In North Carolina, an unmarried mother has sole legal and physical custody of a child when the child is born. Even if the unmarried mother and father are together, the man has no legal rights over the child without establishing paternity. An unmarried father will have to establish paternity if he wants custody or visitation time with the child.
An unmarried father can establish legal paternity any time before the child is 18 years old. Unless he plans to marry the mother of the child, a man will have to sign an Affidavit of Parentage or file a Complaint to Establish Paternity in court to establish paternity of the child.
- Affidavit of Parentage: The affidavit of parentage is a legally binding document that states the a man is the legal father of the baby. The man generally signs the affidavit at the hospital when the baby is born. This is a fairly straightforward process that is appropriate when there are no questions or doubts about the biological father’s identity.
- Complaint for Establishment of Paternity: An unmarried father or a mother can also bring a paternity action in court. The judge will typically order genetic testing in a paternity action. If the test shows a higher than 97 percent likelihood that the man is the biological father of the child, the judge will likely grant paternity.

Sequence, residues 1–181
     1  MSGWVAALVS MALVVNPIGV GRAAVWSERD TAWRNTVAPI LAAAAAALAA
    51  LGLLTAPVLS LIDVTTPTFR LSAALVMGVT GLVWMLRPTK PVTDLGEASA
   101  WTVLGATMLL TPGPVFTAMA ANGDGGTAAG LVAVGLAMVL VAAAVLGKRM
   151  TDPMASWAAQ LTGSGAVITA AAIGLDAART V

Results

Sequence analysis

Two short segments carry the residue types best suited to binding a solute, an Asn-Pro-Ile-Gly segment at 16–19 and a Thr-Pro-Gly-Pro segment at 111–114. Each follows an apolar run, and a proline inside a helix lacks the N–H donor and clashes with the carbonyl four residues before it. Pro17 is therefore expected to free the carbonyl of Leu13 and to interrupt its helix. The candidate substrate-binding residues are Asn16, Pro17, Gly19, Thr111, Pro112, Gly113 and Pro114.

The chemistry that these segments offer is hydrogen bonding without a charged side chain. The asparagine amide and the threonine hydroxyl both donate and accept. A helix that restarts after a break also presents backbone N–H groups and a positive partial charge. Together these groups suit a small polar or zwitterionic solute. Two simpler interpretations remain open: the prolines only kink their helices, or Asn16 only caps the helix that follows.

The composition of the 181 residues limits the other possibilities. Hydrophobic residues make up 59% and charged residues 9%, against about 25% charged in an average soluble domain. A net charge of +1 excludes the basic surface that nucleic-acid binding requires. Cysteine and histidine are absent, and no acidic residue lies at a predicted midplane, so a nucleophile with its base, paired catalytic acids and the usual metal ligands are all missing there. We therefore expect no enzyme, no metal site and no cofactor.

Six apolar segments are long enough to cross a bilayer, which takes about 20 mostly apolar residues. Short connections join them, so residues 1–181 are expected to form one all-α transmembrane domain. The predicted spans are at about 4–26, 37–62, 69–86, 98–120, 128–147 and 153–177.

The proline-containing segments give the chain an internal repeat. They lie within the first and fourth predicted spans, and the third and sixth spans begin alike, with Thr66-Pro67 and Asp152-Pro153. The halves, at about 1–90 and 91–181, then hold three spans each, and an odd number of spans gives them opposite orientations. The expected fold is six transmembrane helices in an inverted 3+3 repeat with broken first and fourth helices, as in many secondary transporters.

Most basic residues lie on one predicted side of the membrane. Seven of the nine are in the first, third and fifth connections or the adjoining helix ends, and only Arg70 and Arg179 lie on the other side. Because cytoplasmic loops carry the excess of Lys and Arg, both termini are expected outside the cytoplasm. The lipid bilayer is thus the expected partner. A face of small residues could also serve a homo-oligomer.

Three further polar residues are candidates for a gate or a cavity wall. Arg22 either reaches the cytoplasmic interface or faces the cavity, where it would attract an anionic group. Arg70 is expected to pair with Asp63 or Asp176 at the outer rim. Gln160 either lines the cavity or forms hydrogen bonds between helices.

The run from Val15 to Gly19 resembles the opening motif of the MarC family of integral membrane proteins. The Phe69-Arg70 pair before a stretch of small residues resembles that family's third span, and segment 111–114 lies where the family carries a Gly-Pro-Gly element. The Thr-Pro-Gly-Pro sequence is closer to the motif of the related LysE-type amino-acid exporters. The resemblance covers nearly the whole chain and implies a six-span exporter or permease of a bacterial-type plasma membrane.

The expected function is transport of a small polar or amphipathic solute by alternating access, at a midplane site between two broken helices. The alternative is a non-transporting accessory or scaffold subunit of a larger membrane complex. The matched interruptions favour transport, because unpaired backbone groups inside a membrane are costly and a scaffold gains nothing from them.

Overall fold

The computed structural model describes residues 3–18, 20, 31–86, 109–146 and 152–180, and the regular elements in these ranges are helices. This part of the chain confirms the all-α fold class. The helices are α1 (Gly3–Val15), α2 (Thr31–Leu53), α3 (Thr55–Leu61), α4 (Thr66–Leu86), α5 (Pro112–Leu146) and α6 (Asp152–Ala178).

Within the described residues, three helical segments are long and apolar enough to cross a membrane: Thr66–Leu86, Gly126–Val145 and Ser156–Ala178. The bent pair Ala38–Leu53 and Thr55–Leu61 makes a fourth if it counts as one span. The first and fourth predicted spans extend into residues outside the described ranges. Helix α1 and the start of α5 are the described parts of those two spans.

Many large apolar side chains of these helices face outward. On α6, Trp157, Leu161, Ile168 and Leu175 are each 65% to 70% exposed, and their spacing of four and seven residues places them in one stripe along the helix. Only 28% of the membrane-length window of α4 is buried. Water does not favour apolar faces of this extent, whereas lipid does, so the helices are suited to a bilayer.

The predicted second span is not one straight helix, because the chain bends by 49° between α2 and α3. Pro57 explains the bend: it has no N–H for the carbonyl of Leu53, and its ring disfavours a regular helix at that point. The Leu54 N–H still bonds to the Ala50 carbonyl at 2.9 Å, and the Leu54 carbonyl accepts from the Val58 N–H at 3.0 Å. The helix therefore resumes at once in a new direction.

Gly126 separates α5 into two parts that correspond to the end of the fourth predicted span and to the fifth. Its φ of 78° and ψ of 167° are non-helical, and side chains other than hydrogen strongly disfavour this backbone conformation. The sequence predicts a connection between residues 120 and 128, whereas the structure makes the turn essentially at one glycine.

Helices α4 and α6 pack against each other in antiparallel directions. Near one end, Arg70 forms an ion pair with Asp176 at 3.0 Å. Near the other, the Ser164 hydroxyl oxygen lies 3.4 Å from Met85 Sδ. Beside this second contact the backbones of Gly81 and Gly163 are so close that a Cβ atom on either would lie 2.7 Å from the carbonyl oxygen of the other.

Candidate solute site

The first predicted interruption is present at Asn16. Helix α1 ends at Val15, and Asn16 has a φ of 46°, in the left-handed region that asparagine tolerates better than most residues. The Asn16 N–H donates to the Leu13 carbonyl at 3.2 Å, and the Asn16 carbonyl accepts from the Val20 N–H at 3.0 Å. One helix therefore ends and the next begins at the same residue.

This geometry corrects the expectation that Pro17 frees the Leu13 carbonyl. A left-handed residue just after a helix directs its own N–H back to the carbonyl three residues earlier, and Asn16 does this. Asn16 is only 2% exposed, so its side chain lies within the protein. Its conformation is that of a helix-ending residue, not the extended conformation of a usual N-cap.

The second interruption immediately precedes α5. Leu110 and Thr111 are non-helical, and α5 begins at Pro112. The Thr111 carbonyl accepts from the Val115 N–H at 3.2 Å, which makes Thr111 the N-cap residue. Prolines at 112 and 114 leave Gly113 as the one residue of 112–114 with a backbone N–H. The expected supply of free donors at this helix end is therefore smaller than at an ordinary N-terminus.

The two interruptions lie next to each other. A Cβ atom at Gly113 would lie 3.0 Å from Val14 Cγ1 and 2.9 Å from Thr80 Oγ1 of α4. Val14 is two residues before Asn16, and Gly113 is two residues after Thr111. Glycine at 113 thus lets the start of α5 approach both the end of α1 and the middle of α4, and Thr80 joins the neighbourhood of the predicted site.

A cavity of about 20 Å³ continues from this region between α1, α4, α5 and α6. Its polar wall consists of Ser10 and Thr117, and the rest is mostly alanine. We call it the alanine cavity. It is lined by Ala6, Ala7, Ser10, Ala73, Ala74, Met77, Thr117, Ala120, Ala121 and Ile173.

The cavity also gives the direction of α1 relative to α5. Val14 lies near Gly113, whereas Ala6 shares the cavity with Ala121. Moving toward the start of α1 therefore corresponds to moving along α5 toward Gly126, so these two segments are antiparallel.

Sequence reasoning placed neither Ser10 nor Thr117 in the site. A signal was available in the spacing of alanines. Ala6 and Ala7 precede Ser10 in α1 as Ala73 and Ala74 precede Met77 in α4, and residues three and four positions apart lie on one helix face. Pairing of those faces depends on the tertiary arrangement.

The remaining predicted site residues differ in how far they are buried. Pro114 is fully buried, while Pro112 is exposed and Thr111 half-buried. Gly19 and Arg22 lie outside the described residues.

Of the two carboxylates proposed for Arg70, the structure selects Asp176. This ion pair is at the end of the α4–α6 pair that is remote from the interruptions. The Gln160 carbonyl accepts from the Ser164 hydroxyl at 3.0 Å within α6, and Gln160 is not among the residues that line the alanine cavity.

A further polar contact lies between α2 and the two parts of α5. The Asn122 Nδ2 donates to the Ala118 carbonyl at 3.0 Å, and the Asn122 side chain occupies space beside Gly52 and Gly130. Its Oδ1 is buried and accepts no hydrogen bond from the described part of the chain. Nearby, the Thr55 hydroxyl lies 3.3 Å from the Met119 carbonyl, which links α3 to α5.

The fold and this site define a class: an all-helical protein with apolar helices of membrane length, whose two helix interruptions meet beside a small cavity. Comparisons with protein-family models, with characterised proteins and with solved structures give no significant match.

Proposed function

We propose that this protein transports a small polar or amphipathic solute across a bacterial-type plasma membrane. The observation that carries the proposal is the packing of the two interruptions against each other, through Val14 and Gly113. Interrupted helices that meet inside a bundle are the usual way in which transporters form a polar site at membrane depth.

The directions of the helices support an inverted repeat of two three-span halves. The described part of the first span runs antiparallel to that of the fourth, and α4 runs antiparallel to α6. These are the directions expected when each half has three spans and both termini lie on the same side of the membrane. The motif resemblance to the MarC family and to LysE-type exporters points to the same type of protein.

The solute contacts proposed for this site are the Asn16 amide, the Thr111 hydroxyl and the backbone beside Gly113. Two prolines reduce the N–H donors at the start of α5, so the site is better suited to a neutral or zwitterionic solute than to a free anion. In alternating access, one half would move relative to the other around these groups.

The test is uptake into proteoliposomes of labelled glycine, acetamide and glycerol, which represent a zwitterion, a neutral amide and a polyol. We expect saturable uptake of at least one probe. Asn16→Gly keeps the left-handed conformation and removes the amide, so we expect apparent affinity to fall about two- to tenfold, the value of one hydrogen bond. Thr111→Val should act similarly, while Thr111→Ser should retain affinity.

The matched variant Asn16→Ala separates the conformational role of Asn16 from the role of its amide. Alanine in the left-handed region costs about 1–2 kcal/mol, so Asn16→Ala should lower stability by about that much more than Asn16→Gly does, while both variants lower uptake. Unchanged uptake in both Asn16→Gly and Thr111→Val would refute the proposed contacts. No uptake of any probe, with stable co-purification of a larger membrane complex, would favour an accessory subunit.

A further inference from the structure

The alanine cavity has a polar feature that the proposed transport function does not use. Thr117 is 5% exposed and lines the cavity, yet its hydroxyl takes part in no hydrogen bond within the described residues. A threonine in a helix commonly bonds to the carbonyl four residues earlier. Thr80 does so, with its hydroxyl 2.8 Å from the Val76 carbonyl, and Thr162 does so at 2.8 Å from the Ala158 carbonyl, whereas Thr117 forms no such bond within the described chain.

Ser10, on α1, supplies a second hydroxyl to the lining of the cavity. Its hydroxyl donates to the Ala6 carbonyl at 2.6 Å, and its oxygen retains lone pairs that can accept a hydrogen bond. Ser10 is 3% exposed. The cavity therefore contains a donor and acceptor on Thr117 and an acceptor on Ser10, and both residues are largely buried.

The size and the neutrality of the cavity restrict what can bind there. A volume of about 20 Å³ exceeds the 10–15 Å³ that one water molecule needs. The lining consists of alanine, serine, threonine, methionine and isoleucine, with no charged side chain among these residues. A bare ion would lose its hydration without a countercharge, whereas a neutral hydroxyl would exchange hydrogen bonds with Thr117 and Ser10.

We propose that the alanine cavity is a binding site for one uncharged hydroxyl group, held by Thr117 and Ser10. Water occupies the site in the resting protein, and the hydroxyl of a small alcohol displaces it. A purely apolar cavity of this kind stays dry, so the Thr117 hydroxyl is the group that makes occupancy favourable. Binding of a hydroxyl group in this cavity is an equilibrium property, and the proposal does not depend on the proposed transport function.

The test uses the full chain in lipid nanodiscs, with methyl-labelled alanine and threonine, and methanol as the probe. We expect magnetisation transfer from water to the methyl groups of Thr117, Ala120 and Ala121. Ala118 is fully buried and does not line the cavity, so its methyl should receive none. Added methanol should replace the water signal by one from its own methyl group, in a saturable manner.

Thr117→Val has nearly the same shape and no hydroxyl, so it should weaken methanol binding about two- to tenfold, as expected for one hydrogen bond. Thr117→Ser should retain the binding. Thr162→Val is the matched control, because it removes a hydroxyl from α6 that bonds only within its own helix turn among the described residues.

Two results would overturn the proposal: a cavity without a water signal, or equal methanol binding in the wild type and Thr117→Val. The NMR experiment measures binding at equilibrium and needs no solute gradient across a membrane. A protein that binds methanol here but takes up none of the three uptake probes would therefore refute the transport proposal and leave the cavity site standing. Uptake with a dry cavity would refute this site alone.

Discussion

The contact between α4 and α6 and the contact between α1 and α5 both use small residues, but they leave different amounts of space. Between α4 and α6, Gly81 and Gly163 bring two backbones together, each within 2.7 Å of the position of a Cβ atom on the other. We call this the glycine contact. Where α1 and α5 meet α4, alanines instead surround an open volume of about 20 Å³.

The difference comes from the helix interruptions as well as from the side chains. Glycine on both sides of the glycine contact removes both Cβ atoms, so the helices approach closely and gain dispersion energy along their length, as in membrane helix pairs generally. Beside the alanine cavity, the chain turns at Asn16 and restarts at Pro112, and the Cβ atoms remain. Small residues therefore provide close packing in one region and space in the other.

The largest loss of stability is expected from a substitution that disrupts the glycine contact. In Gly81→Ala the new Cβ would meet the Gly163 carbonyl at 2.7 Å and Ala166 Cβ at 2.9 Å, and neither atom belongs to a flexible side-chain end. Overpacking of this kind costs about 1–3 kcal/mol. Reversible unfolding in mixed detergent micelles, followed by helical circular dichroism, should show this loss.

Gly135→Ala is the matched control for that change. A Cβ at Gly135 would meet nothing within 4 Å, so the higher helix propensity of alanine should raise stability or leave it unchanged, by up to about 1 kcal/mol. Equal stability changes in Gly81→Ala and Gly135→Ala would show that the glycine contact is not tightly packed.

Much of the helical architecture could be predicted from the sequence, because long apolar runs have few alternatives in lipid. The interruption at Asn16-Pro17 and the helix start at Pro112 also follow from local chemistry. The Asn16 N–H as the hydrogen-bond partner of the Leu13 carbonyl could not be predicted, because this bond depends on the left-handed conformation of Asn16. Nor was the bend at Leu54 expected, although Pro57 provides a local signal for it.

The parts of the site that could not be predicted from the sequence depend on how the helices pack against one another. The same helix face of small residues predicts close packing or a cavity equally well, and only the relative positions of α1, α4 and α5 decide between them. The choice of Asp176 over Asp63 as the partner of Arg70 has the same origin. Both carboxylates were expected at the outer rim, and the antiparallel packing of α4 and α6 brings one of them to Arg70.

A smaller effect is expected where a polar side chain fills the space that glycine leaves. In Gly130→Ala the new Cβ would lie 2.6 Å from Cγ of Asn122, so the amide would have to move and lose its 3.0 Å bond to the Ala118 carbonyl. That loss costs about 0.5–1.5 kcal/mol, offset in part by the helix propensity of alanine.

There are several benefits for an unmarried father to establish paternity. Paternity allows him to bring an action in court to establish visitation and custody. It also allows the child to qualify for the unmarried father’s benefits, such as Social Security or health insurance. Additionally, unmarried fathers with legal custody can also access their child’s medical history records.
There are also benefits for the mother and child. After establishing paternity, the unmarried mother can ask the court for the unmarried father to pay child support. And when children know who their biological father is, they can have a relationship with him and a better understanding of where they came from.